Put on your seatbelts, here we goJune 23, 2015 9:00
Wishful thinking? GCC media’s People Meters mystery
After eight years of hearing of TV audits 'coming to the region soon' I'd much rather wait for it to actually happen before giving anyone a pat on the back.
February 19, 2012 3:27 by Precious de Leon
It was slightly amusing to read the article on The National this Sunday about talks being “under way to introduce a Gulf-wide system to measure TV audiences.”
The headline read: ‘TV people-meters nearer for GCC states’. I wondered exactly how much nearer is the initiative from coming to fruition compared to where it was eight years ago when the TV auditing ball began to roll, ever so sluggishly.
I hope you’ll forgive my skepticism and allow me to show why I won’t be holding my breath when it comes to the implementation of TV measurement in the UAE, let alone in the GCC.
First, let’s talk about what People Meters is all about. It measures viewing habits of TV and cable audiences. It’s basically a box that is hooked up to your TV set (if you agree to be part of the sample household network) and monitors the channels you watch, the frequency you watch them and even logs in the time in which you watch TV. Of course the technology is a little bit more complex but that’s the basics of it.
Brands benefit from know this information because they are able to target their audience more specifically then just ad blasting TV audiences in blind hopes that their brand and products will register.
Now, let’s flash back to 2004, when the GCC’s largest advertisers got together to form a new body that was designed to improve above-the-line media and audience measurement in the region.
This wasn’t just an ordinary club of advertising geeks. The GCC Advertiser’s Association (GCC AA) was attended by big media spenders from P&G and Pepsi to Citibank and Nissan. Together these companies represented more than $300 million of the region’s $1.5 billion annual spend in the year it was formed. It was to be a local chapter for the global group, World Federation of Advertisers (WFA).
First on the group’s agenda was the drafting of a TV Charter, designed to align the regional TV ad market with international best practices.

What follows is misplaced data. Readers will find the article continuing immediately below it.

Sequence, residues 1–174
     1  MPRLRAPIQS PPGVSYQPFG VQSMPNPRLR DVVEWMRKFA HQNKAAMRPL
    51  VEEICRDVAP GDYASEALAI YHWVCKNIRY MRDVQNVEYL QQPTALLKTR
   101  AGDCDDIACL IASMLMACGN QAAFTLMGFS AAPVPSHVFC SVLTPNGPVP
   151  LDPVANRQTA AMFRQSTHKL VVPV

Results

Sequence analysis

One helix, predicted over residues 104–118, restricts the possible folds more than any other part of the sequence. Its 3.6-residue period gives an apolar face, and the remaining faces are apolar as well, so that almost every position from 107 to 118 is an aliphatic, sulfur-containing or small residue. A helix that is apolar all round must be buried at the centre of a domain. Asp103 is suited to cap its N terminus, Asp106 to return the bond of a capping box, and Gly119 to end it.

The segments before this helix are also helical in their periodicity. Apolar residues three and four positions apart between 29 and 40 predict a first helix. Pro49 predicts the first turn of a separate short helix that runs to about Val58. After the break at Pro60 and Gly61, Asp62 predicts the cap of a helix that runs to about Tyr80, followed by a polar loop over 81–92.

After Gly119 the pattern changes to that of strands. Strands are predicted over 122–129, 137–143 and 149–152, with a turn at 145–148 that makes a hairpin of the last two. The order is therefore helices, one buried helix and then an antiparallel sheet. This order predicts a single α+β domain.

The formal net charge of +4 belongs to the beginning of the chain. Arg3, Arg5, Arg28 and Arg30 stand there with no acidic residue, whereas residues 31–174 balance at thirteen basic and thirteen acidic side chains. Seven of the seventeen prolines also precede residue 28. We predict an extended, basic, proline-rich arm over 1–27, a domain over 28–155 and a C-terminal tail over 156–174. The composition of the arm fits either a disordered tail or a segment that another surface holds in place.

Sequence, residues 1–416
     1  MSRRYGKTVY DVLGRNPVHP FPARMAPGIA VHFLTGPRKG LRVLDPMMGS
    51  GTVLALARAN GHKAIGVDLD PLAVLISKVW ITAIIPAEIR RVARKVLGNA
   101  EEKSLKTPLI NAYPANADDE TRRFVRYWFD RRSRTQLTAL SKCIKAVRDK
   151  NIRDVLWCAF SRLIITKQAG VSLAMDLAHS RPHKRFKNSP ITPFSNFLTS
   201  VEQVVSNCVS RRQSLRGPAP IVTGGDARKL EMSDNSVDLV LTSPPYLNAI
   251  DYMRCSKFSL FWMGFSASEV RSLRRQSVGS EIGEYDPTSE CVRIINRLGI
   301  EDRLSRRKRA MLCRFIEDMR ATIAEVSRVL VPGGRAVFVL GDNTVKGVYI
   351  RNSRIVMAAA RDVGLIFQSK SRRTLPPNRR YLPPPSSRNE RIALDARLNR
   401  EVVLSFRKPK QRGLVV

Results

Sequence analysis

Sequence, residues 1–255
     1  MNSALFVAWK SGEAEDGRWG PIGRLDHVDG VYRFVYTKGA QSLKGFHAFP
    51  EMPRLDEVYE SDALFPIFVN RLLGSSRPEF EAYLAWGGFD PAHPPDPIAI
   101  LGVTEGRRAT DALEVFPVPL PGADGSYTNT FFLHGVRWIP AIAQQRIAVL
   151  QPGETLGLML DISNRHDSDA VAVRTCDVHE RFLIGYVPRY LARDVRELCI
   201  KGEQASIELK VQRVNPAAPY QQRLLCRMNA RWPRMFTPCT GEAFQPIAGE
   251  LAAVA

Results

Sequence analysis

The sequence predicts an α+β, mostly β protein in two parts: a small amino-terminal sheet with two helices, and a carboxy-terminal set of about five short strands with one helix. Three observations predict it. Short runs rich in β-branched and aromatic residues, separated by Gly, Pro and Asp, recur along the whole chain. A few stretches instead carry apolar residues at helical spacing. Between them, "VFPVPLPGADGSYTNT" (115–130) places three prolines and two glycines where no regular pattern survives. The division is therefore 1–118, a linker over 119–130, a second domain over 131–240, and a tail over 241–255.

According to this archived press release, dated 2006 (yes, two years after the launch of the GCC AA), from Unilever ME, The Charter covered issues including “minutes of advertising per hour, solace breaks, bundling, among others, in order to restructure the regional TV ad landscape and set new standards for the industry.”
A little online digging will also show you that the group put together a Circulation Audit Steering Organization (CASTOR) which was devised along with media agencies and the International Advertising Association (IAA) to establish standards in print.
The GCC AA also put together the Project Illumination Board which was primarily in charge of getting the People Meters Project up and running. With an initial funding of $300,000, the TV project was supposed to have brought People Meters in Saudi Arabia by 2007.
There were no signs of people meters in 2007 but the group did rename itself the Advertisers Business Group (ABG) during the year. This time they are operating under the umbrella of the Dubai Chamber of Commerce and Industry.
“The Chamber’s involvement and active participation at this time is a key issue for the group as it will lend credibility and authority to our collective effort to create a professional media environment to keep up with the growing advertising spent in the region,” said Unilever’s Jan Zijderveld who was the ABG Chairman at the time.
Zijderveld has since moved on to Unilever’s South East Asia & Australia dividion and then went on to Europe, where he was named the FMCG giant’s Europe President in 2011.
People Meters? Still at the planning stages.
In 2008, ABG got its second wind with the appointment of Philips’ Louis Hakim, who brought a renewed enthusiasm for putting TV advertising measurement in place. He put together a 5-year plan that included setting global standards in media, advertising and marketing. It included drawing up an advertising ethics code.
Do you see a cycle here? From what I can recall, things are always getting started but promptly fizzles out (or is it out of favour?) in the media industry.
It is eyebrow-raising (to say the least) how advertisers seem to be climbing an impossibly high barrier to better media measurement. Some might argue that these projects are all a bit theatrical, but with millions of marketing dollars stake, that idea is almost criminal if it were true.
And now, eight years since the launch of the GCC AA, with General Motors’ Fadi Ghosn at the helm, ABG is attempting to wipe the slate clean (crossing out former initiatives like CASTOR and Project Illumination) and bringing in new third party agencies to help put measurement practices in place.